Martin is almost certainly done with the Dolphins, and the feeling is mutual — his teammates have clearly sided against him, and Martin is tired of the poor treatment. And he could be done with the NFL — it’s hard to see Martin being accepted by another locker room after airing the Dolphins’ dirty laundry (although the Colts, with former Stanford mates Andrew Luck, Coby Fleener, and Pep Hamilton, might be able to handle him).
The key issue for Incognito, 30, is straight from “A Few Good Men”: Did Incognito “toughen up” Martin on his own, was he only following orders, or did he take it too far?
The Dolphins suspended Incognito “indefinitely” Nov. 3 for conduct detrimental to the team, but under the collective bargaining agreement they can only suspend him for four weeks without pay plus an additional week of pay.
Incognito, making $4 million this year in the final year of his contract, could lose almost $1.2 million, and he has already missed one game check.
He filed the grievance to return lost pay and be reinstated to the roster immediately, presumably under the defense that he was only carrying out orders.
Incognito filed for an expedited appeal, which per the CBA means he should have his hearing within the next week or so.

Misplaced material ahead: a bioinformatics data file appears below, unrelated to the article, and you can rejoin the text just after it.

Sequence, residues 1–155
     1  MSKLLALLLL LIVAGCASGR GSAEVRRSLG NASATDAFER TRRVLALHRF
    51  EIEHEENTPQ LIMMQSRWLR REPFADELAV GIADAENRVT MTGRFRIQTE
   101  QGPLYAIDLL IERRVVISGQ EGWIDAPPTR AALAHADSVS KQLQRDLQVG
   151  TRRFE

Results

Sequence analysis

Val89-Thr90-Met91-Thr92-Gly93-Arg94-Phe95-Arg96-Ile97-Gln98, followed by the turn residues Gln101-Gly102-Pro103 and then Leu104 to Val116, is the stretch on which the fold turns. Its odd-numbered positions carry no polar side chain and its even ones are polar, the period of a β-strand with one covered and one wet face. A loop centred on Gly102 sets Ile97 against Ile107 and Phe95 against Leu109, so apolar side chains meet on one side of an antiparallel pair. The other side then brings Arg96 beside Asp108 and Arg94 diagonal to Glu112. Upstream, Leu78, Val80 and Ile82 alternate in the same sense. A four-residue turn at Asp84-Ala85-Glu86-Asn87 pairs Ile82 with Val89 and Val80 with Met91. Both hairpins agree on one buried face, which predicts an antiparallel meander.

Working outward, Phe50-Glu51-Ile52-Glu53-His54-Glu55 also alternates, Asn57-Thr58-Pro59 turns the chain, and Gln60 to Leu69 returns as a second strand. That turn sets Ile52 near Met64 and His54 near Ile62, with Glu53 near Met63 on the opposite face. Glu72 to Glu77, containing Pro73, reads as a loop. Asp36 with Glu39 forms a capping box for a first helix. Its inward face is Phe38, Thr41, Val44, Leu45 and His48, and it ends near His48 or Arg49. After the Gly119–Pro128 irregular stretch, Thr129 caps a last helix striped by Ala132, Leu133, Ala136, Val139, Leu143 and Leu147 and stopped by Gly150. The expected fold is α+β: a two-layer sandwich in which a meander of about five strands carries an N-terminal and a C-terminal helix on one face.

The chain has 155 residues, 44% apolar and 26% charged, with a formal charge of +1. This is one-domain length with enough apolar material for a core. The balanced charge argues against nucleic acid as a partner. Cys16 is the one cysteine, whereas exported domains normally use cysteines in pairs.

The Dolphins are bracing for an NFL investigation that could reveal some ugly truths, similar to what happened in New Orleans with Bountygate.
They are already facing a grievance from Incognito, and could face a lawsuit or similar from Martin.
No one in the building is safe, but look for Ross to find any excuse he can to keep coach Joe Philbin, who was Ross’s first signature hire.
Ross is a big fan of Philbin as a person and coach, and talked him up repeatedly in his press conference before last week’s Monday night game.
But don’t be shocked if other people in the organization take the fall for empowering Incognito to “toughen up” Martin — assistant coaches (offensive line coach Jim Turner can’t be sleeping well these days), player-relations employees, or even general manager Jeff Ireland, who is below Philbin in Ross’s pecking order.
The Dolphins’ options with Martin are limited, especially since the trade deadline has passed. They can:
■ Continue to keep him on the 53-man roster and pay him his weekly salary of $35,733.
■ Try to place him on the non-football illness list (citing Martin’s claims of mental fatigue), in which they would have the option of withholding Martin’s weekly salary until he returns.
■ Place him on the reserve/retired list, in which he could not play for the rest of 2013 and would potentially forfeit salary and signing bonus.
■ Release him, making Martin a free agent and allowing him to keep the $2.9 million he has earned in two seasons. This is obviously Martin’s preferable choice.
Assuming Incognito loses his grievance, the Dolphins have a decision to make by Dec. 2, after he has served his four-game suspension. At that point they will have to either reinstate him, or cut him and pay him the remaining balance on his salary.
Given that Incognito is set to hit free agency this offseason, it’s likely the Dolphins will end up cutting Incognito regardless of whether he wins his grievance appeal.
Incognito would then go through waivers and can be claimed or signed by any team.
Tim Tebow could be better received in TV booth